Got It game for an adult and child. How can you play so that you know you will always win?

Benâ€™s class were cutting up number tracks. First they cut them into twos and added up the numbers on each piece. What patterns could they see?

Arrange the numbers 1 to 6 in each set of circles below. The sum of each side of the triangle should equal the number in its centre.

Are these statements always true, sometimes true or never true?

This task, written for the National Young Mathematicians' Award 2016, focuses on 'open squares'. What would the next five open squares look like?

This activity is best done with a whole class or in a large group. Can you match the cards? What happens when you add pairs of the numbers together?

Find out what a Deca Tree is and then work out how many leaves there will be after the woodcutter has cut off a trunk, a branch, a twig and a leaf.

There are 4 jugs which hold 9 litres, 7 litres, 4 litres and 2 litres. Find a way to pour 9 litres of drink from one jug to another until you are left with exactly 3 litres in three of the jugs.

Can you put plus signs in so this is true? 1 2 3 4 5 6 7 8 9 = 99 How many ways can you do it?

On the planet Vuv there are two sorts of creatures. The Zios have 3 legs and the Zepts have 7 legs. The great planetary explorer Nico counted 52 legs. How many Zios and how many Zepts were there?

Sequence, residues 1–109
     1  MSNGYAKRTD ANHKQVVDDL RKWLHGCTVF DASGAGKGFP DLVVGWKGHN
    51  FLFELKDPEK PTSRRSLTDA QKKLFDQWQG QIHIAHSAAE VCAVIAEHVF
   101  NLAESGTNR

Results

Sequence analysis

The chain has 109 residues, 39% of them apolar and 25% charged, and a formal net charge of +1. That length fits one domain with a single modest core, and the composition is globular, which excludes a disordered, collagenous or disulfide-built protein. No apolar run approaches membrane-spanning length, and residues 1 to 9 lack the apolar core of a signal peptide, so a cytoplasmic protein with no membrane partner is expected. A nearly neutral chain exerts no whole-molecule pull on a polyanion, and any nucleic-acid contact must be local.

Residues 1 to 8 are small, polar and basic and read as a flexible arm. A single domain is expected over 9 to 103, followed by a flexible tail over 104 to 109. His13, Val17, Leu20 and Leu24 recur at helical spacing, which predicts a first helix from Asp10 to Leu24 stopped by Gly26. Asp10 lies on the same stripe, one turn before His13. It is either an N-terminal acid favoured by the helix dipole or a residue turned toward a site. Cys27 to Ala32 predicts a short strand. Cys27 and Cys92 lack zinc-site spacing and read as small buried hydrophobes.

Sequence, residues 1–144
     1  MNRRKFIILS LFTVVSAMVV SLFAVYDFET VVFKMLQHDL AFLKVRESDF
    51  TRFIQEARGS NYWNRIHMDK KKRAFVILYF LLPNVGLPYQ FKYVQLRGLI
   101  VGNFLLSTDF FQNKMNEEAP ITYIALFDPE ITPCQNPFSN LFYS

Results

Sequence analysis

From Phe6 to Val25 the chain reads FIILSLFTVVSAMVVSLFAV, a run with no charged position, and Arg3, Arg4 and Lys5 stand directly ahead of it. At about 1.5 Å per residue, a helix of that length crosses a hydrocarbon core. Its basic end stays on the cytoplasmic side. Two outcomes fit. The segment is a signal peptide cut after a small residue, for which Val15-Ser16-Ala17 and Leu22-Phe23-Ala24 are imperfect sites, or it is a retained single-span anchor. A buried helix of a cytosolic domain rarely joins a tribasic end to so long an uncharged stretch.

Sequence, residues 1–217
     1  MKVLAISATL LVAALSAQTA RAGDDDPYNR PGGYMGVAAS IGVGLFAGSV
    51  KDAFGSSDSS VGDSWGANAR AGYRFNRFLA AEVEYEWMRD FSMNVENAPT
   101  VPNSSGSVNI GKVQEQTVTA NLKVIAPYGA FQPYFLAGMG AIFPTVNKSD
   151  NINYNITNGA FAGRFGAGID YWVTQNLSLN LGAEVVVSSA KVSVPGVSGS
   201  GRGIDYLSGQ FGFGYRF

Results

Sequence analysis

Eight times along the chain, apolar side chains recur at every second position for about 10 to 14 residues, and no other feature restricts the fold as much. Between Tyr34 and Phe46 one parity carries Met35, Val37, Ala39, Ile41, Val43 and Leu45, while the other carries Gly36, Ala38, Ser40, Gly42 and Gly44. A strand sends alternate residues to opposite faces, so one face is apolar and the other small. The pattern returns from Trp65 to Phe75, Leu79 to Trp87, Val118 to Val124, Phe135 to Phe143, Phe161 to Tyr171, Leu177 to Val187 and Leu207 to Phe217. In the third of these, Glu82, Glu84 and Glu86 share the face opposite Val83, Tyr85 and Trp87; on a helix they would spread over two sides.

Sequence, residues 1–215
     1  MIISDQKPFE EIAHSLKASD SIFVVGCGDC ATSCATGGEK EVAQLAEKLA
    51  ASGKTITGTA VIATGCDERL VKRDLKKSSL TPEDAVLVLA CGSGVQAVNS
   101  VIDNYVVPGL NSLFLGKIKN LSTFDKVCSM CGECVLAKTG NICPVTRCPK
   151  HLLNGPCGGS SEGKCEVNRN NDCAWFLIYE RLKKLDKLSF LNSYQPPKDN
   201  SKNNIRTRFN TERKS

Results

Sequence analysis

Place the digits 1 to 9 into the circles so that each side of the triangle adds to the same total.

Here is a chance to play a version of the classic Countdown Game.

Use 4 four times with simple operations so that you get the answer 12. Can you make 15, 16 and 17 too?

There are 78 prisoners in a square cell block of twelve cells. The clever prison warder arranged them so there were 25 along each wall of the prison block. How did he do it?

This big box adds something to any number that goes into it. If you know the numbers that come out, what addition might be going on in the box?

In this game for two players, the idea is to take it in turns to choose 1, 3, 5 or 7. The winner is the first to make the total 37.

There are 44 people coming to a dinner party. There are 15 square tables that seat 4 people. Find a way to seat the 44 people using all 15 tables, with no empty places.

Fill in the numbers to make the sum of each row, column and diagonal equal to 34. For an extra challenge try the huge American Flag magic square.

This magic square has operations written in it, to make it into a maze. Start wherever you like, go through every cell and go out a total of 15!

48 is called an abundant number because it is less than the sum of its factors (without itself). Can you find some more abundant numbers?

Fill in the missing numbers so that adding each pair of corner numbers gives you the number between them (in the box).

Can you work out how many flowers there will be on the Amazing Splitting Plant after it has been growing for six weeks?

Woof is a big dog. Yap is a little dog. Emma has 16 dog biscuits to give to the two dogs. She gave Woof 4 more biscuits than Yap. How many biscuits did each dog get?

Using the statements, can you work out how many of each type of rabbit there are in these pens?

Number problems at primary level that may require determination.